The party could be described as standard, the guest-list repetitive, and the food expensive. The room was beautiful, with a view of the ocean at high tide. I’d been to countless others just like it. Some attendees enjoyed the loud noises, vapid discourse, and rare delicacies. But this man was different, and I could tell.
I did it. I finally did it. I’ve been afraid for some time now by the prospect of approaching strangers and asking to photograph them. I prefer to make portraits with people I know or stealthily capture the visage of complete strangers. But this time was different, and I could tell.
It’s an odd thing, using someone else’s photography equipment. I’m a rather big advocate of “getting to know your gear.” I believe that the path towards taking better images starts with a photographer’s decision to learn his or her gear, and I mean really learn the gear. The lens I had on my camera was brand new to me; I’d never even held it before. But this lens was different, and I could tell.
Perhaps it is my deep love for complex storytelling, or perhaps my mind is bored with linear narratives, or perhaps it is because I saw “Dunkirk” last night. Regardless, all three of those initial paragraphs detail simultaneous thoughts that collided in my consciousness at precisely the same moment the other evening.
The 50mm (75mm equivalent) Fujifilm f/2 lens wasn’t mine, it was my father’s, and honestly I never thought I’d use one. Having recently sold my 56mm f/1.2 lens, and suddenly confronted with a job where I would be needing a tighter focal length, I turned to my dad for help. And thus the Fuji 50mm and I crossed paths.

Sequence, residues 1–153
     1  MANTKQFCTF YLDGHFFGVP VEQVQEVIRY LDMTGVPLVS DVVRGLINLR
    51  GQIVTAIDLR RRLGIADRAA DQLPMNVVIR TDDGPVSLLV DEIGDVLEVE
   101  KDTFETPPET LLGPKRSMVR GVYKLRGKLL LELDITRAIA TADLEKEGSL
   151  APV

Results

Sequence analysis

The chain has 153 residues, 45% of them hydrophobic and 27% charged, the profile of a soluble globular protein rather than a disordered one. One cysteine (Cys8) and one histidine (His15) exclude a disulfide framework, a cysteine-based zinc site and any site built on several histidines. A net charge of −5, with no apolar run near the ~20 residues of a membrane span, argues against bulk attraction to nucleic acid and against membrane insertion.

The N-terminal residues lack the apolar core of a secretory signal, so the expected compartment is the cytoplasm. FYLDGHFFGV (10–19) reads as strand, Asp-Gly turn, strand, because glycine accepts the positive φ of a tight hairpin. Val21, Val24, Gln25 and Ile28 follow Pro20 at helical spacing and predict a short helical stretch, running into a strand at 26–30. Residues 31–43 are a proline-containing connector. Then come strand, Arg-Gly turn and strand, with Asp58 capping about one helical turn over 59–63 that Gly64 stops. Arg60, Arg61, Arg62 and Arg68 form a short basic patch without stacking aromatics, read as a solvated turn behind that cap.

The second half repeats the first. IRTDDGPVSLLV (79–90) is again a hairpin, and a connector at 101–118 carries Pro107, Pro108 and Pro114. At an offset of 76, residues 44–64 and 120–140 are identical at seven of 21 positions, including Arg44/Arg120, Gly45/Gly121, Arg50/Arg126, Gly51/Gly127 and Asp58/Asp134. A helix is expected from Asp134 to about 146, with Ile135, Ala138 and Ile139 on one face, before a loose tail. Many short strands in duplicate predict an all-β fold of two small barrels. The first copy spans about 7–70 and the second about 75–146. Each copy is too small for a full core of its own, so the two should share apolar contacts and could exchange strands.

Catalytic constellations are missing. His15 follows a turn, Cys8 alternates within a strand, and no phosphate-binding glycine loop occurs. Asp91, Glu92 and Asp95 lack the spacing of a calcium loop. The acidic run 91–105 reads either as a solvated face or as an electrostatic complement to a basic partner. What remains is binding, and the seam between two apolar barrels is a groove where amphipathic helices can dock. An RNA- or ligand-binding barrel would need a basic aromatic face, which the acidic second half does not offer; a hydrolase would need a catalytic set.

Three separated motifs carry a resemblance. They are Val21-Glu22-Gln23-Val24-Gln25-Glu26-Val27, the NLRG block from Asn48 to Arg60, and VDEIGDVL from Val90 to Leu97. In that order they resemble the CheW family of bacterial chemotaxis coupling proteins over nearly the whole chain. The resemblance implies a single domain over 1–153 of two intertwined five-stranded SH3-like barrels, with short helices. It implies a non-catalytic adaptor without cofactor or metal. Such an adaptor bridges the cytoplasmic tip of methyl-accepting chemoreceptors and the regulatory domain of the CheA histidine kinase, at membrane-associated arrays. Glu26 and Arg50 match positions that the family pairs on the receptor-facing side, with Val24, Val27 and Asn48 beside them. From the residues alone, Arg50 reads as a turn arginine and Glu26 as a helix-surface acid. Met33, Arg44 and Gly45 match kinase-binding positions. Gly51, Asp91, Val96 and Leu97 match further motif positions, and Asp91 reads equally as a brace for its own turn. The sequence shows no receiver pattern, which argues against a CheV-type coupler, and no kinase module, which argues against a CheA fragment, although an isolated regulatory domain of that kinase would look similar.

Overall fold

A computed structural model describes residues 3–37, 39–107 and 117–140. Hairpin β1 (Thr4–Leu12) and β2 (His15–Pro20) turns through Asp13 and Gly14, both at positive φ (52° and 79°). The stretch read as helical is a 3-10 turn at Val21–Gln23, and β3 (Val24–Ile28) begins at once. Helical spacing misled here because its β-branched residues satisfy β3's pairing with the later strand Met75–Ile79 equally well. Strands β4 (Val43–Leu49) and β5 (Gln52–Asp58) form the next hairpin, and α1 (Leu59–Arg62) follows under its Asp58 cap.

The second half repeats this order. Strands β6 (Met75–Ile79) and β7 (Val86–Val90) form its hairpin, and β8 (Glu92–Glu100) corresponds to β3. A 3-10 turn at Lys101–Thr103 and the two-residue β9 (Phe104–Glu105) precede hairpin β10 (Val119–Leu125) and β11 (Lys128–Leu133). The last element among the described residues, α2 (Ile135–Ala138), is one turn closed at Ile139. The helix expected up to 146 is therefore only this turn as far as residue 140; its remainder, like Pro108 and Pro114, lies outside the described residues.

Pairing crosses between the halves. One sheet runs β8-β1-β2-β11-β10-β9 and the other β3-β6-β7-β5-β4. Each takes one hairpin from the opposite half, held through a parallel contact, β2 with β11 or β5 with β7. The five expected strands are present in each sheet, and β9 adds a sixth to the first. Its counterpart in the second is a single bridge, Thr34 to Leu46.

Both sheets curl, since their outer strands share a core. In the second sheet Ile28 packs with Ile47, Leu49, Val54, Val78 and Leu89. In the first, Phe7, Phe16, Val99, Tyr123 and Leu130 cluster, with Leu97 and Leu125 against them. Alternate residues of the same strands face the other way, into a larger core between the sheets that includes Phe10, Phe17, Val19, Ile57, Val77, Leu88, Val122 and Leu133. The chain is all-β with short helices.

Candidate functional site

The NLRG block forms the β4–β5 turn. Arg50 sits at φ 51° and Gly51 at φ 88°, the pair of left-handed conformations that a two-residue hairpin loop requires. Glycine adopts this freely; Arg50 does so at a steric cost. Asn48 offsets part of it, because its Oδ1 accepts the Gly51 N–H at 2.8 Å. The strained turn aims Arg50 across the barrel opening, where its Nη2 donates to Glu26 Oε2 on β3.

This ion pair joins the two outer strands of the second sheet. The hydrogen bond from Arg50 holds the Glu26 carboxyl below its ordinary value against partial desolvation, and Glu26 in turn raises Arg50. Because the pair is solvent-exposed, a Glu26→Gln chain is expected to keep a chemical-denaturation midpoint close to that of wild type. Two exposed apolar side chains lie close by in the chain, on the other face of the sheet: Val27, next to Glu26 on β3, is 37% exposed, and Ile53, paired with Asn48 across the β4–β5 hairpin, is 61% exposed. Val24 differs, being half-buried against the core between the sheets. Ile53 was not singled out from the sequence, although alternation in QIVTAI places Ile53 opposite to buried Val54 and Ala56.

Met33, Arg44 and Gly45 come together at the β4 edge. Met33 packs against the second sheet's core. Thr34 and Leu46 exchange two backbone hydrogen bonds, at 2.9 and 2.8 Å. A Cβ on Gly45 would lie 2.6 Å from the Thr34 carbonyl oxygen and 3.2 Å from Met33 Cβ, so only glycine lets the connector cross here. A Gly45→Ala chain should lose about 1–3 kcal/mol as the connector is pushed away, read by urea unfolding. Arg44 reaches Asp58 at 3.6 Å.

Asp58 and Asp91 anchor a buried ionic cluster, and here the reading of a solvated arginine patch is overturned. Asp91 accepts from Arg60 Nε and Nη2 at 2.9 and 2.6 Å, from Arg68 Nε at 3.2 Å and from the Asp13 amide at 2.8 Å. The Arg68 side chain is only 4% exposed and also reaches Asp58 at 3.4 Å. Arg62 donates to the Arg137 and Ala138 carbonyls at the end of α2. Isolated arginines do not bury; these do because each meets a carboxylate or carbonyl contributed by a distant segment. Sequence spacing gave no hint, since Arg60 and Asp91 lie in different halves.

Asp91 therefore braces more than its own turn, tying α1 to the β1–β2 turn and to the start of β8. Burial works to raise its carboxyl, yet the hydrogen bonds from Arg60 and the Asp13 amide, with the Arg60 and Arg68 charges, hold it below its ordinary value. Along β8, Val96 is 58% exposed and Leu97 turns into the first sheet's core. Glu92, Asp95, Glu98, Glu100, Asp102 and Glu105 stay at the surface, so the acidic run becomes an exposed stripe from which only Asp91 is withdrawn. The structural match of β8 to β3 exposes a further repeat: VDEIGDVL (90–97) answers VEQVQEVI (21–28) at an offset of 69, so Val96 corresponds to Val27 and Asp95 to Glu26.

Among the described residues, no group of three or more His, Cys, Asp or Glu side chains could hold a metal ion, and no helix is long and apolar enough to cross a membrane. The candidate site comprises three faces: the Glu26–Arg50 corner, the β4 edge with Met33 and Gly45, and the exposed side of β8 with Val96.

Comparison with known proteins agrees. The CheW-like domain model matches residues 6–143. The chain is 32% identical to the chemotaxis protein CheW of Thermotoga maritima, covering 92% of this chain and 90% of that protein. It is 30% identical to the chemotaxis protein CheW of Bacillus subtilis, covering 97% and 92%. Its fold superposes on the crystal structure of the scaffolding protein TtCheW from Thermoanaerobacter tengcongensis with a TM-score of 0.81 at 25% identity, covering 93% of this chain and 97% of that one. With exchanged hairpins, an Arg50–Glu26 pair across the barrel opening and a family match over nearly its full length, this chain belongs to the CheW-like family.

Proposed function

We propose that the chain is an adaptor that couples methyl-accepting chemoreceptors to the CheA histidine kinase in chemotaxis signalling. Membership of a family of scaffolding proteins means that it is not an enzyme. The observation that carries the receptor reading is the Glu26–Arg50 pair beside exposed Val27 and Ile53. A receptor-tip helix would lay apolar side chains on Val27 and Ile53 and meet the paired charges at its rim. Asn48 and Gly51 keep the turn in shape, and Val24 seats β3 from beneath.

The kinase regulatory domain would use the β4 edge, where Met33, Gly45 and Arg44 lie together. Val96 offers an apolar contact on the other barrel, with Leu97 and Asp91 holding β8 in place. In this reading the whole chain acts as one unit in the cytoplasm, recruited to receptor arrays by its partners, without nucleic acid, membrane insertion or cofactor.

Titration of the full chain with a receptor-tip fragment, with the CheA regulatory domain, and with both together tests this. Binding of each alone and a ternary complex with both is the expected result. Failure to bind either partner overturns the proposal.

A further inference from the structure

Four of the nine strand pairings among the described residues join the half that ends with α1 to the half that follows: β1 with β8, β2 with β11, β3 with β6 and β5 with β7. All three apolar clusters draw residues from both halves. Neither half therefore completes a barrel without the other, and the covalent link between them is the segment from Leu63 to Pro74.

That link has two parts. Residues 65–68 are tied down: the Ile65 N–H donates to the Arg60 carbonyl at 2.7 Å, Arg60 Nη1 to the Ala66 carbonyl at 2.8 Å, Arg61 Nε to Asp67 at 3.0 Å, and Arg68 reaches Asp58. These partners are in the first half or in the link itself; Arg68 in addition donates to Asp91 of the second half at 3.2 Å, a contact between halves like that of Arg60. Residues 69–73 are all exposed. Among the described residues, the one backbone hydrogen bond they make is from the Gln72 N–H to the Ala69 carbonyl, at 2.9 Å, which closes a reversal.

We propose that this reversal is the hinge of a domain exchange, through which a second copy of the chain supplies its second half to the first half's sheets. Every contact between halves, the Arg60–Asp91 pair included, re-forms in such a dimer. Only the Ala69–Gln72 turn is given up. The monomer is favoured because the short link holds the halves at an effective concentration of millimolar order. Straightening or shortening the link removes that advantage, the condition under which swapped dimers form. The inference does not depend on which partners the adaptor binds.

I could write all about the job and how I used the lens to great effect. I could write about how crisp and sharp the lens is wide open at f/2 or how smooth the autofocus is. Instead, I want to briefly describe my experience of photographing this man.
With every item crossed off of my shot-list, I meandered around the party, people watching – one of my favorite things to do – and I happened to spot this fellow. He glowed with joy, and I am well aware of how bold of a claim that is. His eye’s twinkled and he looked very much at peace. I found myself drawn in by the evident positivity radiating from his face.
It slipped out of my mouth before I had much of a chance to think it through. I asked him for a photograph and he graciously obliged. I lifted my camera to my eye and the Fuji 50mm f/2 just so happened to be the lens attached. I manually focused and set the aperture ring quickly to f/2.
This photo reminds me of three things. The first is, never jump to conclusions about a photographic opportunity. Even though I had been to many parties like that one, I’d never met this gentleman and I’d never taken this portrait. Second is, push yourself to approach strangers and ask to photograph them! Some will say no, many will feel awkward, and others will shy away from the opportunity. That’s okay, because eventually you’ll meet a man like this one, with a pipe in his mouth and a smile to share. The third and final thing this photograph reminds me of is, never judge a lens by its specs. At first glance, I thought the Fuji 50mm f/2 would never be a piece of glass I’d want to use… but after this experience, it will always have a place in my camera bag!